Book review: Tenement Kid, by Bobby Gillespie

Ranging from his childhood in Sixties Springburn to breakthrough success with Primal Scream, Bobby Gillespie’s autobiography is written with both passion and eloquence, writes Fiona Shepherd

Bobby Gillespie

As frontman of righteous indie rockers Primal Scream, Bobby Gillespie has always talked a good game but that gift of the gab is backed up by a passion for his subject, be it music, style, youth culture, politics, class struggle or football. All feature in some detail in Tenement Kid.

Gillespie’s early life story – traced in this memoir up to the release of Primal Scream’s breakthrough album Screamadelica – is not especially remarkable but this son of a trade unionist and Collins employee has inherited his parents’ erudition as much as their left-wing politics and taste in music, so his diverse vignettes and cultural side-bars are eloquently argued.

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Like Mark E Smith before him, he writes fondly about football. His happy times on the Boys Brigade football team taught him the value of teamwork and organisation, while Jock Stein’s strategy in the 1967 European Cup influenced Primal Scream’s approach to playing live, where every gig should be “a commando raid on the soul”.

Tenement Kid, by Bobby Gillespie

Gillespie has now spent longer living away from than in his native Glasgow but the city is retroactively conjured, from his childhood days growing up in Sixties Springburn to his adolescence in Mount Florida, where aggression was a daily feature of life. Although Gillespie claims to be a lover, not a fighter, he revels in the chaos and was ripe for punk, providing an ecstatic description of the explosive effect of hearing The Sex Pistols’ God Save the Queen.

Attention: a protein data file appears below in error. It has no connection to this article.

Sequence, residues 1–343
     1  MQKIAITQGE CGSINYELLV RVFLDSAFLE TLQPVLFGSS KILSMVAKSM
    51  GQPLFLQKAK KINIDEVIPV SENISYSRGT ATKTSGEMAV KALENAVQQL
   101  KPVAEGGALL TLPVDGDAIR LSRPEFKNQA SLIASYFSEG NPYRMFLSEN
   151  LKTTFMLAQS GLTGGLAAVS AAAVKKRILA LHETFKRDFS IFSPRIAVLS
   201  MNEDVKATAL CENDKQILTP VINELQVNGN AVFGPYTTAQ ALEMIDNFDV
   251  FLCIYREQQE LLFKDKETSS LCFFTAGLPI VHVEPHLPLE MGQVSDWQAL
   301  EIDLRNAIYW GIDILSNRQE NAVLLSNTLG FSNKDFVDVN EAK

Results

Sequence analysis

Like so many of his peers, he was an unwitting beneficiary of punk’s DIY democracy, falling into touring with Altered Images, The Wake and pop provocateurs the Jesus & Mary Chain, who were a rowdy riposte to the prevailing sound of Eighties Glasgow, dismissed witheringly as “Bowie Young Americans casualties dressed in awful clothes and dry, limp quiffs playing white-boy ‘funk’ that was as funky as Margaret and Dennis Thatcher attempting to dance the Funky Chicken: naff central.”

Gillespie’s tribal response was to make his own scene as part of the collective which ran legendary Glasgow club night Splash One. On leaving the Mary Chain, he concentrates on his other band, Primal Scream.

Their looser set-up eventually pays dividends when Gillespie relocates to Brighton, experiences an acid house epiphany, and commissions DJ Andrew Weatherall – a Scream believer when no one else would touch them – to remix album track I’m Losing More Than I’ll Ever Have. He reportedly took three attempts because he was too respectful of the original and had to be instructed to “stop fannying about – you’ve just got to f***ing destroy it.” The resulting track, Loaded, became Primal Scream’s debut hit and the gateway to the Screamadelica album, 30 years young and still a classic.

Tenement Kid, by Bobby Gillespie, White Rabbit/Orion, £20

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